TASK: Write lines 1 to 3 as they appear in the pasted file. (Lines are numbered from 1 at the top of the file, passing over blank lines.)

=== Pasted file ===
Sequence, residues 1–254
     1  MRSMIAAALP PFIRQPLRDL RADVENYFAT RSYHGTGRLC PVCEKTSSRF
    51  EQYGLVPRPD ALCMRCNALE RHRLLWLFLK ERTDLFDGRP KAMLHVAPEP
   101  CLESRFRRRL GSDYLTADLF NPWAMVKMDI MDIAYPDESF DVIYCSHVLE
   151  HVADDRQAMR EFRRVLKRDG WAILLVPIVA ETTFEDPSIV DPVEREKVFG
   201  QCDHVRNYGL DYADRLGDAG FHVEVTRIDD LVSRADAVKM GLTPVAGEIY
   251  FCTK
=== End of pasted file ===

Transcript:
Sequence, residues 1–254
     1  MRSMIAAALP PFIRQPLRDL RADVENYFAT RSYHGTGRLC PVCEKTSSRF
    51  EQYGLVPRPD ALCMRCNALE RHRLLWLFLK ERTDLFDGRP KAMLHVAPEP